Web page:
Last week I visited my family back in London. After a few days away from Italy I was really missing the chance to admire some Italian gems. So I headed over to the National Gallery to seek out some of the Italian jewels on display in Britain. I vaguely remembered some of the most famous ones, such as Titian’s Bacchus and Ariadne, but I wanted to discover a few others. In the end there were three that I particularly liked and was able to learn from.
Firstly, I found this sweet picture by early Renaissance painter Pisanello, of the “Vision of Saint Eustace”. The 15th-century painting depicts the moment that Saint Eustace sees the image of Jesus Christ on the cross between a stag’s antlers when he is out hunting. The vision led to his conversion to Christianity, according to the Golden Legend, a medieval biography of saints written by Italian chronicler Jacobus de Voragine.
I liked how skilfully Pisanello had painted the different animals, especially the elegant stags. Eustace also looks very fine in his high class tunic and blue head covering. I also liked the painting because it reminded me of the church of Sant’ Eustachio in Rome, which has an impressive stag’s head on its spire:
This church is close to the famous Sant’ Eustachio cafe, where many tourists go to try what is often considered the best coffee in Rome. It is great but it’s best to avoid sitting down outside because like many cafes here they really ramp up the prices if you want to rest your feet for a while!
As you may know I am a fan of Raphael. When I walked past the National Gallery’s room full of his paintings, I immediately recognised the style, mainly due to the wonderfully bright colours. In here, I came across the”Vison of a Knight”:
I have seen this in books but did not realise how small it was in real life! Raphael painted this gem around 1504, according to the gallery’s estimates. There is some uncertainty about what it is actually portraying. One theory is that it depicts the Roman general Scipio Africanus, who was presented in a dream with Virtue (to your left) and Pleasure (to your Right in the looser clothes). An alternative interpretation is that the women are displaying the ideal attributes of a knight, with the book, sword and flower they are holding representing how he should aim to be a scholar, soldier and lover all at the same time.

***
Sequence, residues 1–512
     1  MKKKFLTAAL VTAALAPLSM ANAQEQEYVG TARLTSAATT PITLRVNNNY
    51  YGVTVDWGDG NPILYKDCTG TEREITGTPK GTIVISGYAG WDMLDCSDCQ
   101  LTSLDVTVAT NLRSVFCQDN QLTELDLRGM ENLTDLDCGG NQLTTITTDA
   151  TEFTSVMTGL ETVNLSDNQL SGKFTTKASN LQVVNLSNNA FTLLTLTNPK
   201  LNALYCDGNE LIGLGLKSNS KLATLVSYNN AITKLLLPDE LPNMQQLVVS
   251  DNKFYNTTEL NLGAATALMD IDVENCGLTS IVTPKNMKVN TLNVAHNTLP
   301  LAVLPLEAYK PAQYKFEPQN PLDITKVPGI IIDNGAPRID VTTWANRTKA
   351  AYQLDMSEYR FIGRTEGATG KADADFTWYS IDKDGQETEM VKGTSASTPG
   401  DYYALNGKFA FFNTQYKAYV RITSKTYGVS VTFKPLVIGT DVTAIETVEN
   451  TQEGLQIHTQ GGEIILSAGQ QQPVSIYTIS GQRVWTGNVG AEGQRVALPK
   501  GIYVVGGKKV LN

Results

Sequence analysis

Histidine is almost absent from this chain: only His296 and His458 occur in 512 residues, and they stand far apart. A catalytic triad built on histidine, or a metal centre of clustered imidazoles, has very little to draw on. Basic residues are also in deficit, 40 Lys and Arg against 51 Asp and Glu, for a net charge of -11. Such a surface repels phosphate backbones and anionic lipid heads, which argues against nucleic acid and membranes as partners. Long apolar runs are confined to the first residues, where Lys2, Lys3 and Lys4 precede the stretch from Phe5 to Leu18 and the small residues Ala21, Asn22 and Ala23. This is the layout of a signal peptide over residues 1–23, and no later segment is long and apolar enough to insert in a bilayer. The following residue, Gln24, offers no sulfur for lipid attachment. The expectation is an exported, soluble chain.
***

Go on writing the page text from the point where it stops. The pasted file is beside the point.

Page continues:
I liked the painting because it was so dainty while still bursting with colour. I also liked the balance of the two women on either side. Even though it is not so clear what they are portraying, the alternative symbols they offer up still encourage you to ponder and prepare for a difficult choice.
Finally, I enjoyed looking at the Allegory of Prudence, painted by Italian artist Titian around 1565-1570:
Three faces of men are displayed on top of three animal faces of a wolf, a lion, and a dog. Both the human and the animal faces are viewed as symbols of the three ages of human beings: youth, maturity, and old age. The three different directions in which they are facing point to the past, the present and the future. Above the human heads you can read the Latin inscription: “From the experience of the past, the present acts prudently, lest it spoil future actions.” I found this painting to be a very thought-provoking study of the virtue of Prudence, or the ability to manage life in a disciplined, sensible way.
So darlings, do not despair if you are stuck in London when you are dreaming of Italy! Just head down to this wonderful and free gallery and you will be immersed in some of the most precious Italian gems in the world! Don’t forget to have a prosecco afterwards xxx